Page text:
With this in mind, Brazil's National Transport Agency's (ANTT) partnership with the European Railway Agency (ERA) could be a key step towards the realisation of an open-access model that works for Brazil and allays these fears.

A meeting was set to take place last month to decide how the two agencies can work together. Mr Peter Mihm, head of technical evaluation cross acceptance at ERA, says from a European perspective this will focus on what they can do to offer a better understanding of safety laws and regular maintenance of equipment, something that has been lost on some Brazilian operators in the past. "Europe has too many rules and Brazil has too few," Mihm says. "The partnership can help both sides by meeting in the middle."

ANTT director Mr Carlos Fernando do Nascimento adds that he is encouraged by the agreement with ERA and he expects progress on the initial PIL projects in early 2015, starting with the 457km Açaliândia - Barcarena line in the north of Brazil. He added that the current discussions are aimed at making each of the involved parties comfortable with the process. "We need to spend a lot of time talking with the Brazilian Federal Accountability office (TCU) to convince them about the correct price of the project," Nascimento says. "Once we solve that problem and everyone agrees, we will be ready to open the bidding process."

A critical step was taken in August when the Ministry of Transport issued authorisation decrees for 20 private groups to perform studies of the first six PIL projects, and subsequently received 71 Interest Declaration Proposals (PMI). Among those to submit proposals were project and management consultants, construction companies, investors and a railfreight operator, with some parties associated with groups from China, Italy, Spain and Korea.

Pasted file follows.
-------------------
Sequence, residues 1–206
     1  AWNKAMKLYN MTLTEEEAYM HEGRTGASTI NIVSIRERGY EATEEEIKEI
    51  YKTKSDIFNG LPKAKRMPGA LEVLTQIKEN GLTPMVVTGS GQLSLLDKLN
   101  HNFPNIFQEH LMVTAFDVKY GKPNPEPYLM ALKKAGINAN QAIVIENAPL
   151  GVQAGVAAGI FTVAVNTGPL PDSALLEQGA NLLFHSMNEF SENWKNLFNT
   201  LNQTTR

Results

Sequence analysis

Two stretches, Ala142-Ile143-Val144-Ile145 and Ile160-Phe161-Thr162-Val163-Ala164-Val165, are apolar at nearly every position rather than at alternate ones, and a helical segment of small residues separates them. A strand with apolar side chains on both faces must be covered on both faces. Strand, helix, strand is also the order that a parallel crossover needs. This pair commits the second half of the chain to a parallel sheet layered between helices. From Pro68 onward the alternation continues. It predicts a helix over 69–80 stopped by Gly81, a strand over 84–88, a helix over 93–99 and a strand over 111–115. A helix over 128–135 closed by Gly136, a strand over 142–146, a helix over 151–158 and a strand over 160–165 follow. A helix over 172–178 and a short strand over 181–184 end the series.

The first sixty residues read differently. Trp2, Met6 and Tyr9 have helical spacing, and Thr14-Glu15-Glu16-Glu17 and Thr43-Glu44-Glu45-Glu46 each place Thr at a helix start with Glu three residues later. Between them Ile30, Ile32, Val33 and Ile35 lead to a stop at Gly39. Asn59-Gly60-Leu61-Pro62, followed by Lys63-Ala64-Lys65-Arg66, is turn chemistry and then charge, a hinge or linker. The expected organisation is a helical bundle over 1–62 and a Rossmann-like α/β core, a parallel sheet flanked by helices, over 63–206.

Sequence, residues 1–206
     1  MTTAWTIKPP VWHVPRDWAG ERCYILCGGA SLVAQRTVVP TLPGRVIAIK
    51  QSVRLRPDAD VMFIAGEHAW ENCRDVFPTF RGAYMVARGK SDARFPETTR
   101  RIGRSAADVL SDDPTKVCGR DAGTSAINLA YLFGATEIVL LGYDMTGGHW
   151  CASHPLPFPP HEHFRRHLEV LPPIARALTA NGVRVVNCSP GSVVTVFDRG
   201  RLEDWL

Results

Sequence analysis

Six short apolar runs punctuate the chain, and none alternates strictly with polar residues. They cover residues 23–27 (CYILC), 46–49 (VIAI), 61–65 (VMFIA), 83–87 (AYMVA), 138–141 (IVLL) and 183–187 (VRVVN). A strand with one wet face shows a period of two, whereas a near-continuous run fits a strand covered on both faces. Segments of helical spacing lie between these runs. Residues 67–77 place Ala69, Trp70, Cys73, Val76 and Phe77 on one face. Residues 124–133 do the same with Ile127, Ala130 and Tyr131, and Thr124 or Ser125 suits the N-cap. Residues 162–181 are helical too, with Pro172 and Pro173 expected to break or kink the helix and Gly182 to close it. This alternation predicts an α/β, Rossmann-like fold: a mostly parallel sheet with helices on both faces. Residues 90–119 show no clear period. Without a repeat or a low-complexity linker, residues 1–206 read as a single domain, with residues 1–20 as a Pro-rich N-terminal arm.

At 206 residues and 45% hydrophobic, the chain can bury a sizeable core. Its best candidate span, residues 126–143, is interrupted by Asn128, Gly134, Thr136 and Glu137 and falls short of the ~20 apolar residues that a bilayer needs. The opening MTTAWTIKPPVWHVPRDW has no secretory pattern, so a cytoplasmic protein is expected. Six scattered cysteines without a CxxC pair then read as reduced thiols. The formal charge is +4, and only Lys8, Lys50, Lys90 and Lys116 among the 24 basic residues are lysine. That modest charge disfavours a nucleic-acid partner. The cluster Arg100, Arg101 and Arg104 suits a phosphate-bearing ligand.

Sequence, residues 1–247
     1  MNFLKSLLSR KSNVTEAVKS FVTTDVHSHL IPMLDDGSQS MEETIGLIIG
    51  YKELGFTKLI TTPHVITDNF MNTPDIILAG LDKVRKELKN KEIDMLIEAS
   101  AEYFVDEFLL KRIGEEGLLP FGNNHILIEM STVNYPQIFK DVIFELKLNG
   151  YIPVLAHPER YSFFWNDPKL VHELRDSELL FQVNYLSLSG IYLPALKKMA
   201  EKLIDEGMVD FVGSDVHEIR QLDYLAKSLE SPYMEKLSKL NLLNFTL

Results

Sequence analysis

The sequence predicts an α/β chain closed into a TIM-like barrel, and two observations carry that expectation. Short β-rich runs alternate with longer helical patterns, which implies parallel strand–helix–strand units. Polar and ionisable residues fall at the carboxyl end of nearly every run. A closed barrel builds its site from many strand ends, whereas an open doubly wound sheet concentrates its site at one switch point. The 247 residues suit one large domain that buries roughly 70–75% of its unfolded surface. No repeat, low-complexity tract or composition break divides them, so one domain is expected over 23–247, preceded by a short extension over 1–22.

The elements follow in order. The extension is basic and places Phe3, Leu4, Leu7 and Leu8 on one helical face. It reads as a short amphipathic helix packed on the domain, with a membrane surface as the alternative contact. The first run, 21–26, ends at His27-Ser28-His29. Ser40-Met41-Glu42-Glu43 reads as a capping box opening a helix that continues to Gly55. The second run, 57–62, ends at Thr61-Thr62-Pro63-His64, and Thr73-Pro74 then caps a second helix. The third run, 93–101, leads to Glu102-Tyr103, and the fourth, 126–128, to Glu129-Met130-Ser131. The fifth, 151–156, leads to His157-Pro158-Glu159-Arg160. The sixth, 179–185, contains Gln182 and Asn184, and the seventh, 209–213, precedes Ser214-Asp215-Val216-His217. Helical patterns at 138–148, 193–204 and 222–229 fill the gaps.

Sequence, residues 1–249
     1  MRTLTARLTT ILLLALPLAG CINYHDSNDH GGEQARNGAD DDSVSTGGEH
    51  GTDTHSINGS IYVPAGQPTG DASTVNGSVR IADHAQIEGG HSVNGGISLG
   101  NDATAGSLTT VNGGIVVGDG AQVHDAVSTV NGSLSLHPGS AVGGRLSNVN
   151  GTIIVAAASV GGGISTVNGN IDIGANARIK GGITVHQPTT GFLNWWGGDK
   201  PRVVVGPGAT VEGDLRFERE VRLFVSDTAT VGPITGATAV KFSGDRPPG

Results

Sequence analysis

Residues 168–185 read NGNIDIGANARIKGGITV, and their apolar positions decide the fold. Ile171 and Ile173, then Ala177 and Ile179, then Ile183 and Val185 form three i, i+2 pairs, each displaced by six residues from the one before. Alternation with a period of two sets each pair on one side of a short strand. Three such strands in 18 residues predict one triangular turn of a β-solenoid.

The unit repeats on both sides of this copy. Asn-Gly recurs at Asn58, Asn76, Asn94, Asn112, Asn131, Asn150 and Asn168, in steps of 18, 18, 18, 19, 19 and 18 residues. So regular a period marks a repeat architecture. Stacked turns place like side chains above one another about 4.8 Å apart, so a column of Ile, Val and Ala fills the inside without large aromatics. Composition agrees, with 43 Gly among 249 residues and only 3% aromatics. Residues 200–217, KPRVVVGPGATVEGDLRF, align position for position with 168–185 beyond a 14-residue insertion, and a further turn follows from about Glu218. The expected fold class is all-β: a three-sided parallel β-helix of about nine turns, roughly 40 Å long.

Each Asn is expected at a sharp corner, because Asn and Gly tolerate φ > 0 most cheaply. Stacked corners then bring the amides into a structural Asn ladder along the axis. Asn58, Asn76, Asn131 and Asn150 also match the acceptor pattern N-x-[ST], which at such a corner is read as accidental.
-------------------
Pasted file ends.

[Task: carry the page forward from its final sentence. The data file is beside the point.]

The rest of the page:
These companies are responsible for developing technical viability studies and have six months up to February 2015 to submit their studies. However, for the Sinop - Miritituba and Sapezal - Porto Velho projects there is an eight month window because no studies of these projects have previously been made by the government.

Once the studies are received, Passos says the best will be chosen and integrated with the formatting process which will be forwarded to the TCU for approval, with the architect of the chosen study reimbursed by the construction concessionaire. Passos confirmed that the government is in negotiations with four prospective concessionaires about building the first line, including a Chinese group, and he expects these parties to be in a position to make an offer in February or March next year. "This is a long process and long negotiation because it is related to a very big investment," Passos says.

Steady output

While attention is inevitably focused on the new projects, 3883km of freight infrastructure is currently under construction on the existing network which is helping to sustain domestic manufacturing levels.